This study considers the biogeographic origins, evolutionary afiinities, and pattems of diversification and extinction in a portion of the Lower and Middle Devonian proetid trilobite fauna of Eastern North America. Four generic clades comprising about 45 species are known from the strata of the upper Emsian (Sawkillian) Bois Blanc Limestone and Schoharie Grit, the Eifelian (South-woodian) Onondaga Limestone, and the Givetian (Cazenovian, Tioughniogan, Taghanic) Hamilton Group. These taxa have traditionally been assigned to the subfamilies Proetinae Salter, 1864, and/or Dechenellinae Pribyl, 1946. These are Crassiproetus Stumm, 1953a, Basidechenella Richter, 1912, Dechenella Kayser, 1880, and Monodechenella Stumm, 1953a, which were originally considered to be closely related. A higher-level phylogenetic analysis of the Proetinae is conducted to see if these taxa were indeed closely related and thus represent a single endemic radiation of species in Eastern North America or rather a series of independent lineages in that region. In the course of discerning characters that defined the Proetinae, it was discovered that Monodechenella lacks several of the characters that define the Proetinae, and the members of this genus therefore must be excluded from this subfamily. They instead appear to belong to a larger group informally referred to as the "Thebanaspis clade," which appears to be closely related to the Proetinae. A phylogenetic analysis is performed on proetine ingroup taxa using 21 taxa and 53 characters, and several of the major generic clades in the Proetinae are considered.
The phylogenetic analysis of the Proetinae is used to ascertain the ancestral biogeographic states for the three genera in the Proetinae that form an important component of the Lower and Middle Devonian trilobite fauna of Eastern North America. This information is used to determine if these taxa are ancestrally present in Eastern North America or rather represent a series of invasions from other biogeographic regions. Other taxa occurring in Eastern North America at this time appear to represent elements that invaded from Armorica. This invasion of taxa has been related to the collision between plates that produced the Acadian Orogeny during the Middle Devonian. Patterns in these proetid taxa are compared with those known for other groups to ascertain what control the Acadian Orogeny as a biogeographic event may have had on the appearance of these taxa in Eastern North America.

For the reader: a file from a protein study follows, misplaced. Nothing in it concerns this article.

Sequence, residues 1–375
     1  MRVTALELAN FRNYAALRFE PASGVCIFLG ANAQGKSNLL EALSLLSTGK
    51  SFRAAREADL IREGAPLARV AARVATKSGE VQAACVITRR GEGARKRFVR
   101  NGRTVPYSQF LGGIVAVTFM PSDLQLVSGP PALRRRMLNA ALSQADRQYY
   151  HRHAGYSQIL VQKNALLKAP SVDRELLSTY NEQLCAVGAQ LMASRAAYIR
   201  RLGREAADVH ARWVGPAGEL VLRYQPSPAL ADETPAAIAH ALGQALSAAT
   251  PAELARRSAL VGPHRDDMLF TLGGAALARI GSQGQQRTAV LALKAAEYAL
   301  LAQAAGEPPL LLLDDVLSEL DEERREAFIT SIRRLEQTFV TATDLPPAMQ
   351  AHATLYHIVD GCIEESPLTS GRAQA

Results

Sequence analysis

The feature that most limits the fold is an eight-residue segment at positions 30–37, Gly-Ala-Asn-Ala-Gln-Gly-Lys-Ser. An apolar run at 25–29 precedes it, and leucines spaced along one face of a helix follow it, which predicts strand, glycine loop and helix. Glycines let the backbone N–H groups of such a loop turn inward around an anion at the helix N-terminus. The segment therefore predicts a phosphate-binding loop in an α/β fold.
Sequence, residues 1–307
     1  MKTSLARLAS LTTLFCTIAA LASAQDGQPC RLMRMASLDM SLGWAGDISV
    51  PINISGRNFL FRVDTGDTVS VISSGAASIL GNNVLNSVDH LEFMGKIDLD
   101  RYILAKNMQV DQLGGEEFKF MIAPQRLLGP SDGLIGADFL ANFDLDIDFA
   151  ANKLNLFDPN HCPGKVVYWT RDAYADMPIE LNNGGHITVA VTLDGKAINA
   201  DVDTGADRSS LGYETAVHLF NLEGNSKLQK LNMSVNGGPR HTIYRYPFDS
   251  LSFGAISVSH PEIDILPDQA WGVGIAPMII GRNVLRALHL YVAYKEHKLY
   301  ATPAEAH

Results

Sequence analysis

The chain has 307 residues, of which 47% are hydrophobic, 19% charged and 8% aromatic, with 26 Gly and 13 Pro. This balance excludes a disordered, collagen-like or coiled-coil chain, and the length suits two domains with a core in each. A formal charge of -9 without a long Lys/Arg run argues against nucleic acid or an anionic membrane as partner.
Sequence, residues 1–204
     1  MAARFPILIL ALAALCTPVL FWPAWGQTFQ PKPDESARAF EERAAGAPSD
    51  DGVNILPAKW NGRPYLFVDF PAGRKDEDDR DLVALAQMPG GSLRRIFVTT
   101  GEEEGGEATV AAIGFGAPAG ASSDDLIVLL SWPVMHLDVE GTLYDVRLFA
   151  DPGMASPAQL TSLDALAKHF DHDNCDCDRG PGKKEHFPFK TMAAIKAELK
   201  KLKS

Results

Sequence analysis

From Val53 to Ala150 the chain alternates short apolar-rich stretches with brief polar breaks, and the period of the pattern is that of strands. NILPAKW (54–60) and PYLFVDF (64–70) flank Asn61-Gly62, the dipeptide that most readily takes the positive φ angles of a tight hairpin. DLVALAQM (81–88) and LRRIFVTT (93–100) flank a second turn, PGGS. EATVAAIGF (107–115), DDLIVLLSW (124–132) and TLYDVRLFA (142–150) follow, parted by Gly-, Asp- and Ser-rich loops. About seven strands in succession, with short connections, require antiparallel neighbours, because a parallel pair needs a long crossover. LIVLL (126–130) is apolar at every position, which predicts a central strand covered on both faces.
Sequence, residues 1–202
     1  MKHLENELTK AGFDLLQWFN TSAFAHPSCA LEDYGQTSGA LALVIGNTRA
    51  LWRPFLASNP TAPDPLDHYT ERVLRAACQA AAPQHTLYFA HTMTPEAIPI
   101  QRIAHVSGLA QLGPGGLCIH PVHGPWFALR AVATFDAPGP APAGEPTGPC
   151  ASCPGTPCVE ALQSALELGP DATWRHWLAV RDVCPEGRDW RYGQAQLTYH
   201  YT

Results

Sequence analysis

Phylogenetic analysis is then performed on all available species in each of these generic clades that occur in Eastern North America. Species that belong to these clades but which hail from other biogeographic regions are also considered. These phylogenies were used to assess macroevolutionary patterns such as diversification and extinction within each of these clades in Eastern North America. In addition to being an important paleogeographic event, the Acadian Orogeny also caused major paleoenvironmental changes. The impact of these changes on the proetid fauna of Eastern North America is assessed. It appears that a phenomenon analogous to Vrba's (1985, 1992) Tumover Pulse Hypothesis may have mediated elevated speciation rates in the proetid taxa over the period considered. However, eventually the profound changes in environment appear to have led to the extinction of much of the proetid trilobite fauna of Eastern North America.
Information on patterns of occurrence in different geographic regions is combined with information from the phylogenetic analyses of the individual generic clades to consider large-scale biogeographic patterns in the late Lower and Middle Devonian. A method for considering biogeographic patterns using cladistic information is developed. This method is based on Brooks Parsimony Analysis, but it allows multiple events of range expansion and subsequent vicariant splitting to occur within each generic clade. This bio- geographic method was used to evaluate the relationships between the Arctic, Armorican, and Eastern North American paleobiogeographic regions. The relationships between the different major sedimentary basins in Eastern North America, the Appalachian, Illinois, and Michigan basins, are also considered.
Finally, the origin of major evolutionary faunas in the fossil record is discussed. Included is a brief discussion of a depauperate proetid fauna of the Emsian and Eifelian whose members do not belong to the four generic clades considered in detail. In Evolution of the Trilobite Subfamily Proetinae Salter, 1864, and the Origin, Diversification, Evolutionary Affinity, and Extinction of the Middle Devonian Proetid fauna of Eastern North America four new genera are recognized: Plesiowensus, Arcticormistonia, Aayemenaytcheia, and Milesdavis. In addition, 12 new species are described: Arcticormistonia edgecombei, Crassiproetus halliturgidus, C. neoturgidus, C. stummi, C. schohariensis, Basidechenella cartwrightae, B. timwhitei, Dechenella perscheii, D. carvalhoae, Pedinodechenella modelli, Milesdavis eldredgei, and Monodechenella legrandsmithi. Diagnoses and discussions for all of the taxa considered are presented.